It’s time for Indian and Northern Affairs Canada, which governs the country’s three northern territories and its aboriginal peoples, to close its doors, says Vuntut Gwitchin First Nation Chief Joe Linklater.
“The department has been more of a hindrance of agreement than a help,” Linklater told about 80 people attending Friday’s Truths from the North conference at the University of Alberta, where experts from across Canada met to discuss the potential and impacts of northern development.
All speakers agreed development cannot happen responsibly without aboriginal participation, and varied only in their degree of criticism of Indian and Northern Affairs.
“Land claims and self-government agreements in the Yukon are some of the best-kept secrets — people in Ottawa know nothing about them,” said Linklater.
“Our agreements are with Canada, not with one particular department.
“Northern Affairs does not have the ability to get a mandate to negotiate block funding, for example, from the Finance department or the Treasury Board.
“We would prefer to be able to deal directly with the government as government, not through one department.”
Other speakers echoed Linklater’s sentiments.
“It’s cumbersome,” admitted Donat Savoie, a former chief federal land-claims negotiator who described the bureaucratic tangles of his work in northern Quebec and Nunavik.
At times, the hardest challenge during his 27-year tenure with Northern Affairs was figuring out his own role, said Savoie.
“I can talk about this more freely, now that I am out of the department.”
But keynote speaker Thomas Berger, a former British Columbia Supreme Court justice who spent three years in the 1970s analyzing the potential impacts of the Mackenzie Valley pipeline project and who is often hailed as a champion of aboriginal rights, did not endorse the abolition of Northern Affairs.
“It’s been around for more than 100 years; it’s not going to go anywhere quickly,” said Berger in an interview.
“There are problems with it, as all these people will tell you,” he said, motioning to the audience gathered at the University of Alberta conference hall.
“But I have some sympathy for the department. It’s an institution that’s supposed to be achieving its own abolition. That can’t be easy.”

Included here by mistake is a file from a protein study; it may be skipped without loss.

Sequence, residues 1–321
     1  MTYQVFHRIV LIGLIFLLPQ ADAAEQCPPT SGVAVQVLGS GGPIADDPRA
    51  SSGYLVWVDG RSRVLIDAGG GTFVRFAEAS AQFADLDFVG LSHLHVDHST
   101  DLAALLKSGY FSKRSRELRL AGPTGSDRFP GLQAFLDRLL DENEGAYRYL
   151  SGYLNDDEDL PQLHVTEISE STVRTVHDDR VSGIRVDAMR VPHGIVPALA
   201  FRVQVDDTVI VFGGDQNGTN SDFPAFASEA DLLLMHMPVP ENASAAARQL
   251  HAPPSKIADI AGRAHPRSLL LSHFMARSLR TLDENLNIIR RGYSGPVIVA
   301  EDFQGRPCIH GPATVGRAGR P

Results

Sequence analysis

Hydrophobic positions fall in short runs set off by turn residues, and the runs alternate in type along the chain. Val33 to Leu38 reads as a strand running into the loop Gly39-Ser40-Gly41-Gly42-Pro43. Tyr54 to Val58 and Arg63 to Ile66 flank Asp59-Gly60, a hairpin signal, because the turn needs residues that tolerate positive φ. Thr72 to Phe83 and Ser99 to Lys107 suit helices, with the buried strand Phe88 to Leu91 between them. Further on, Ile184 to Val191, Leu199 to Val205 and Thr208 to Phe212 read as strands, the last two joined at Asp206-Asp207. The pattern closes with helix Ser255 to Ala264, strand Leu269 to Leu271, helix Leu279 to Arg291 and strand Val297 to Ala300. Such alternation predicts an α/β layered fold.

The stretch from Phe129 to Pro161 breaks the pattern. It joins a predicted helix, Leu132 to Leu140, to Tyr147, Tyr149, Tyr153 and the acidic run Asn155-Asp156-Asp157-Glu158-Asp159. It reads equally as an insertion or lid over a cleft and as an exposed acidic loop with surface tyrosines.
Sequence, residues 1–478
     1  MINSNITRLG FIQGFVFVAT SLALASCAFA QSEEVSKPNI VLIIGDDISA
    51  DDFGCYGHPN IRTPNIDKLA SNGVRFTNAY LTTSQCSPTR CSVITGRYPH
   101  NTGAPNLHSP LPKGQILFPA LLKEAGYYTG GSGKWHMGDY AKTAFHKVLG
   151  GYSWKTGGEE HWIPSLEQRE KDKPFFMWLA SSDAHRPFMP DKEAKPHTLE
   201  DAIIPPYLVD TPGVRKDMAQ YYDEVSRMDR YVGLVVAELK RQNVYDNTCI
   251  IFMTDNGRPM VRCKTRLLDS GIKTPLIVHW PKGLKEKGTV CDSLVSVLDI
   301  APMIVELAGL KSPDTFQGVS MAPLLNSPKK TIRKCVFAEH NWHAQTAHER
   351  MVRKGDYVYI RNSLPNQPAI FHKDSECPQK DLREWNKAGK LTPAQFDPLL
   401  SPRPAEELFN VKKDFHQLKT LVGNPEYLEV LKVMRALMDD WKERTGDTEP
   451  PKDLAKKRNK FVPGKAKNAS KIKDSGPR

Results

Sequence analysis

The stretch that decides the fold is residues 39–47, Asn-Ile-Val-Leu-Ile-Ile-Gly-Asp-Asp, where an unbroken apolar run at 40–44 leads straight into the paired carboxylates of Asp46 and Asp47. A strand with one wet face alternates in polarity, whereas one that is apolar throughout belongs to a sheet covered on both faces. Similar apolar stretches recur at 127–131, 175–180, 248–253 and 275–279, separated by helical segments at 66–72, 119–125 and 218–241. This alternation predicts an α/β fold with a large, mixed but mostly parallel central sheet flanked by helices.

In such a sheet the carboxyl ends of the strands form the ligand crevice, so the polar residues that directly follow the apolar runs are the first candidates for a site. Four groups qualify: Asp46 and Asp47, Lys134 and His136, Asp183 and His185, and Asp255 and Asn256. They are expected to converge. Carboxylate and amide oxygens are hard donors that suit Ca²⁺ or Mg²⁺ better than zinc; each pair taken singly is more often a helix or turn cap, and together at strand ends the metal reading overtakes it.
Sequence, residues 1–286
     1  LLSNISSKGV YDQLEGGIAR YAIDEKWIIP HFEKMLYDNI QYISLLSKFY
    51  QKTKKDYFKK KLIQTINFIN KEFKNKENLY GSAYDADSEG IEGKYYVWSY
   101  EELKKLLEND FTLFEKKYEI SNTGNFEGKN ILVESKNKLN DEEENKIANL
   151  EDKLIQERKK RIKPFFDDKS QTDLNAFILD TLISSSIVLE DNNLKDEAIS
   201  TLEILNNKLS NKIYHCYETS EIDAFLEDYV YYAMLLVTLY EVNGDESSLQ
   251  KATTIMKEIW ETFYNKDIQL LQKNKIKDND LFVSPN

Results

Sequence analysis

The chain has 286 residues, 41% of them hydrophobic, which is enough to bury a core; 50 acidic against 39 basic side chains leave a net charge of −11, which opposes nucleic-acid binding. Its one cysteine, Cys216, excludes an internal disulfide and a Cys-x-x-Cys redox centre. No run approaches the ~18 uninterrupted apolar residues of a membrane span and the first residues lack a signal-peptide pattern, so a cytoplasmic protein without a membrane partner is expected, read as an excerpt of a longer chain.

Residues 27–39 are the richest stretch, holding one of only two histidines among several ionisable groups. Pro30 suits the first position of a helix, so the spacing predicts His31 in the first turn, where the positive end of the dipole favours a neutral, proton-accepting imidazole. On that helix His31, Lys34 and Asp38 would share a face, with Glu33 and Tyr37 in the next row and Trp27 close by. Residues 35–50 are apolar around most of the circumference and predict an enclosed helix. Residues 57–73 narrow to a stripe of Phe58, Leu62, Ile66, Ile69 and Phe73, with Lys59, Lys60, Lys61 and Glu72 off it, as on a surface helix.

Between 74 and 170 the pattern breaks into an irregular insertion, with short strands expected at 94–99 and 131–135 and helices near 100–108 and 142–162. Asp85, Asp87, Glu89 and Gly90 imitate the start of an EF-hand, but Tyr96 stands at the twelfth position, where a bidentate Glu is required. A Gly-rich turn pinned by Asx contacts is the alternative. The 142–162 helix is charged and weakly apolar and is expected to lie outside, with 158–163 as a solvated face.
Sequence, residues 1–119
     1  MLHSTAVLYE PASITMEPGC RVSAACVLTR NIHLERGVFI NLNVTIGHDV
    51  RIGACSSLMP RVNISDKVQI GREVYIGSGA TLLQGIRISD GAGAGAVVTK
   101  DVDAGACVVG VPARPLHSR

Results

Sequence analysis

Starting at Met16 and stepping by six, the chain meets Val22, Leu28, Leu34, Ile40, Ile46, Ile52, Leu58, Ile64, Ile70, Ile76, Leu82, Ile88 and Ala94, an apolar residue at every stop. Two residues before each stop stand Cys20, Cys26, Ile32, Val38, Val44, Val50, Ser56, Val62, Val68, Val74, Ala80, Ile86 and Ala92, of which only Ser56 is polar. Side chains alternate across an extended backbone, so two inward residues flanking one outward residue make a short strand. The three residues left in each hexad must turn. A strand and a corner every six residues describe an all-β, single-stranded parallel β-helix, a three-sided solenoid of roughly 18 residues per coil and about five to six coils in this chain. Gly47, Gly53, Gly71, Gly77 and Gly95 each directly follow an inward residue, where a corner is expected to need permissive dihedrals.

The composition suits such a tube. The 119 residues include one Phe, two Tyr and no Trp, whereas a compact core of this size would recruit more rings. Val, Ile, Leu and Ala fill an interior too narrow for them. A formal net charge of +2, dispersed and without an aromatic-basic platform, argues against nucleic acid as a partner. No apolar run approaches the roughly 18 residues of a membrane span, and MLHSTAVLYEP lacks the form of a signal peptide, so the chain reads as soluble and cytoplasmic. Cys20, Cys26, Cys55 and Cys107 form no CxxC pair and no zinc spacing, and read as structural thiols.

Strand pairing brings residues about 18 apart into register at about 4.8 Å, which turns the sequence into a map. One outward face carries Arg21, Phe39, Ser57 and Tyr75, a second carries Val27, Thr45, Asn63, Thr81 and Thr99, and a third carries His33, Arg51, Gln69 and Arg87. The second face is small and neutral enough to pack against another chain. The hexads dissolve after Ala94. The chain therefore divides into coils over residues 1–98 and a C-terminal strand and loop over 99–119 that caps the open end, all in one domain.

Aboriginal peoples having a seat at the negotiating table with industry is key to successful development in the North, regardless of which government department is also present, Berger said in his address.
“Aboriginal Canadians have to be conscious of the part they play in order to participate in the private sector,” he said.
“That means they have to be educated for the 21st century.”
Arm’s-length development corporations, such as the Vuntut Gwitchin’s, might be the best tools for a First Nation, Inuit or Inuvialuit government to use — if that’s their choice, added Berger.
“All of them are taking that approach,” he said.
But oversight committees that include various stakeholders, such as the Mackenzie Valley Environmental Impact Review Board, are also proving effective, said board chair Gabrielle Mackenzie-Scott.
“(Northern Affairs) says we are agents of the Crown,” Mackenzie-Scott said in her address.
“Developers want certainty; the community wants to be heard; government wants to protect the certainty of their mandate.
“Land-use planning is still not happening, and the capacity of the review board is overloaded, underfunded and understaffed.”
Overall, “there are challenges, but it is working,” she said.
The Yukon is traditionally under-represented at such conferences, noted Berger.
But Doug Clark, scholar-in-residence at Yukon College, and Shawn Francis of the North Yukon Land Use Planning Commission joined Linklater at the conference to explain how the modern vision of land claims is comprehensive of social, ecological and economic factors.
“The Berger Inquiry answered land-use questions for a period of time in the NWT,” said Francis, who referred to Berger as a “northern folk hero.”
“Regional planning in the Yukon has just begun,” he said.
“Sustainable development is now defined as beneficial socio-economic change that does not undermine the ecological and social systems upon which communities and societies are dependent.
“We don’t know where we’re going in the absence of clear objectives.”
Former Yukon News reporter and columnist Graeme McElheran now lives in Edmonton.